It's impossible to overemphasize the importance of being a safe and conscientious driver. Defensive driving is one of the best ways to avoid accidents, but they can still occur despite a person's best efforts. Car insurance is designed to protect drivers from the serious financial ramifications of car accidents. The state of South Carolina, like many states, required this coverage by law. People who drive without coverage are technically breaking the law and face a variety of consequences. There are minimum requirements for auto liability insurance in South Carolina, but they may not be sufficient for some drivers.
It's wise to be aware of the minimum insurance requirements of the Palmetto State. People who buy policies that don't meet these minimums face fines and other penalties. It's usually best to buy even more extensive coverage because the minimum requirements just don't quite do the trick. Some people scoff at the notion of buying more insurance than they need according to the law, but they usually change their tune after learning a little about driving statistics in South Carolina. The fact is that there are hundreds of thousands of licensed drivers in the state, and even the safest ones can end up in auto accidents.
Who Drives in South Carolina?
According to estimates by the United States Census Bureau, the state of South Carolina had a population of 4,723,723 in 2012. Driving statistics for the state are maintained by the Federal Highway Administration, which reports that there were 3,408,318 licensed drivers there in November 2012. This means that 72.2 percent of the people who live in the Palmetto State are legally able to drive. There's no telling how many of them actually do on a daily basis, but it's clear that opportunity is ripe for car crashes.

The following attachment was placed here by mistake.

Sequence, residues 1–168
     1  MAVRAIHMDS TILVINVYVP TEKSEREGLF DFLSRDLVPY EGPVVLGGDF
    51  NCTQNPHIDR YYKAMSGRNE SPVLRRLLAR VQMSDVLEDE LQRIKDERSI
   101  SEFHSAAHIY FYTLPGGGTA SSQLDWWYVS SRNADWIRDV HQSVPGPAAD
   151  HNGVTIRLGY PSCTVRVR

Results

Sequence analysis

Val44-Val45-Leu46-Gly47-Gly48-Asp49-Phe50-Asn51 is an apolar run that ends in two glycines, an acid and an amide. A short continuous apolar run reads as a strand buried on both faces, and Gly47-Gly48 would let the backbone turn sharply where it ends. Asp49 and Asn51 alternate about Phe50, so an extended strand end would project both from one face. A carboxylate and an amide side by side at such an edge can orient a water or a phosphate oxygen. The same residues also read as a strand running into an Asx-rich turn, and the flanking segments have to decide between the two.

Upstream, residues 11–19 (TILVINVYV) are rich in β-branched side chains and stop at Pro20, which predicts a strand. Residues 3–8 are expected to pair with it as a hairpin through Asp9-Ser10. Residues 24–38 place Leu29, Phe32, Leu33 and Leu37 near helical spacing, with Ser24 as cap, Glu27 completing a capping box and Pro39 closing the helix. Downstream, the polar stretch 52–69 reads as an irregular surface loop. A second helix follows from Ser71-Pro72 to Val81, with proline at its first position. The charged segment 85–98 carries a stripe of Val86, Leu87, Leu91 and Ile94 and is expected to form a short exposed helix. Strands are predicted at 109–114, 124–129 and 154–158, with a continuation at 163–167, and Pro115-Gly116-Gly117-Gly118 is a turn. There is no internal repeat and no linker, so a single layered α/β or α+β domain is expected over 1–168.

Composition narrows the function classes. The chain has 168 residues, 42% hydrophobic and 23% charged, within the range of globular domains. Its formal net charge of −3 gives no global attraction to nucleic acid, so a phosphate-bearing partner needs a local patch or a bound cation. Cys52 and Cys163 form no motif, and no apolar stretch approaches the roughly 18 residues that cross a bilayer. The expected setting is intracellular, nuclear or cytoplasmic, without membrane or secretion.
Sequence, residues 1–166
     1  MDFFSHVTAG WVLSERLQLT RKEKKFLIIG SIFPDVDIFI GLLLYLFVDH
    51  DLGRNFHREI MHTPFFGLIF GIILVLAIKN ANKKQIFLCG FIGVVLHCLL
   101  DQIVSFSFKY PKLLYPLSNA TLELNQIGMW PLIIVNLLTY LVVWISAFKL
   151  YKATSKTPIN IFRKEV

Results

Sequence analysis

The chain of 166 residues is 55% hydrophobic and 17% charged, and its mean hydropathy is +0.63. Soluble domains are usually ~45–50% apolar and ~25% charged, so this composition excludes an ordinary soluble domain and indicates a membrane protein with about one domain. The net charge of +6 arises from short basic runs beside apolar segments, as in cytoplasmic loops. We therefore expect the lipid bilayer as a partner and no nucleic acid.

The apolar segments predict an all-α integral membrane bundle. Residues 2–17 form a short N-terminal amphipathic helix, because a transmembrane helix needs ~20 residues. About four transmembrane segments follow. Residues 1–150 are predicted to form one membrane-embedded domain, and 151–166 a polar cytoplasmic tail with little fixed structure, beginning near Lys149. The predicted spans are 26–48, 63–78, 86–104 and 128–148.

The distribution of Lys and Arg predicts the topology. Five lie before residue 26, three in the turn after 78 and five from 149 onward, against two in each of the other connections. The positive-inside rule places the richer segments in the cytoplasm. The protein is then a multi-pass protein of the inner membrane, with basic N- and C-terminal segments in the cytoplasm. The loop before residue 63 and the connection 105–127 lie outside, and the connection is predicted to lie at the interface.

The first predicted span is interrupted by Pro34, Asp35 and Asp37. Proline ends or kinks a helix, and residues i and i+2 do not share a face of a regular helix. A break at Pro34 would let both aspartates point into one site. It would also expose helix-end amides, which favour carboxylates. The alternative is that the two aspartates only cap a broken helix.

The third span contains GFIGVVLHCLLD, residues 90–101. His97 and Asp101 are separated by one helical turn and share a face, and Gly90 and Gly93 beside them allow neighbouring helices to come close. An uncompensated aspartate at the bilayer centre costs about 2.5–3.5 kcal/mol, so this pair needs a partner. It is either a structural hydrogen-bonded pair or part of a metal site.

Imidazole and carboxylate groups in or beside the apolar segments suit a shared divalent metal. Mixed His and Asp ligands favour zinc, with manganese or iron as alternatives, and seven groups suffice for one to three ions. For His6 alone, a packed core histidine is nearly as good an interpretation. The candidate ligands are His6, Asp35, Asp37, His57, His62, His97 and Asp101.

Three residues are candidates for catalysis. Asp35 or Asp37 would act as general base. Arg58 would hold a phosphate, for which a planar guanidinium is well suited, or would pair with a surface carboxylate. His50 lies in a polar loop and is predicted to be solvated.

In the state of South Carolina in 2012, 1,633,307 people, or 47.92 percent of all licensed drivers, were men. Female drivers totaled 1,775,011, which equals 52.08 percent of all licensed drivers. There's no evidence that gender plays a role in how safe a person is behind the wheel, so car insurance companies don't consider this information.
Age is something that comes into play when insurance carrier calculate premiums. It makes sense because younger drivers are less experienced and therefore more likely to get into accidents. According to driving statistics for South Carolina, 107,603 people, or 3.2 percent of all licensed drivers, are aged 19 and below. The largest group of licensed drivers consists of people between the ages of 45 and 49 and totals 148,429 people, or 4.4 percent of all licensed drivers. It should also be noted that being older doesn't automatically mean that a person is safer. Those who have bad driving records pay a lot more for auto insurance in South Carolina.
Auto Insurance Requirements in South Carolina
While it's true that most insurance providers that are licensed to sell insurance in the Palmetto State are aware of the minimum requirements, it's still smart for drivers to confirm that they're buying the right thing. Most people should also consider buying more extensive coverage because the state's minimum requirements are pretty lax.
Some people are able to qualify for uninsured motorist classifications, which means they don't need liability coverage. They must pay a fee of $550 per year. Otherwise, the only option is to buy liability coverage. The minimums are:
- At least $25,000 in bodily injury coverage for one person
- At least $50,000 in bodily injury coverage for two or more people
- At least $25,000 in property damage coverage
People who drive without car insurance in South Carolina are cited. If they can't show proof within 30 days, their licenses may be suspended and they may face fines of up to $500. Following an accident, all drivers must file FR-10 forms with the DMV to prove they have coverage. The state also has an Automobile Insurance Liability Reporting System, and insurance providers must notify the DMV about lapses and cancellations. In South Carolina, as in most other states, it's best to maintain valid car insurance at all times.